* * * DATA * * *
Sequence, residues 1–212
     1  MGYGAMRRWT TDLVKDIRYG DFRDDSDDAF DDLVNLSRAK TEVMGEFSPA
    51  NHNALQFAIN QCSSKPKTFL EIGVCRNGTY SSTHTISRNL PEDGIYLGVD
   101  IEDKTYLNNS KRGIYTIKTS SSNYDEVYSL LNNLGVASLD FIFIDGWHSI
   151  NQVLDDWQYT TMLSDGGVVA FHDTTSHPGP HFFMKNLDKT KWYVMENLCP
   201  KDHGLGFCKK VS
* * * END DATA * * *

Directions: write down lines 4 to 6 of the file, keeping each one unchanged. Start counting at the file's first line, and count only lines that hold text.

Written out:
   101  IEDKTYLNNS KRGIYTIKTS SSNYDEVYSL LNNLGVASLD FIFIDGWHSI
   151  NQVLDDWQYT TMLSDGGVVA FHDTTSHPGP HFFMKNLDKT KWYVMENLCP
   201  KDHGLGFCKK VS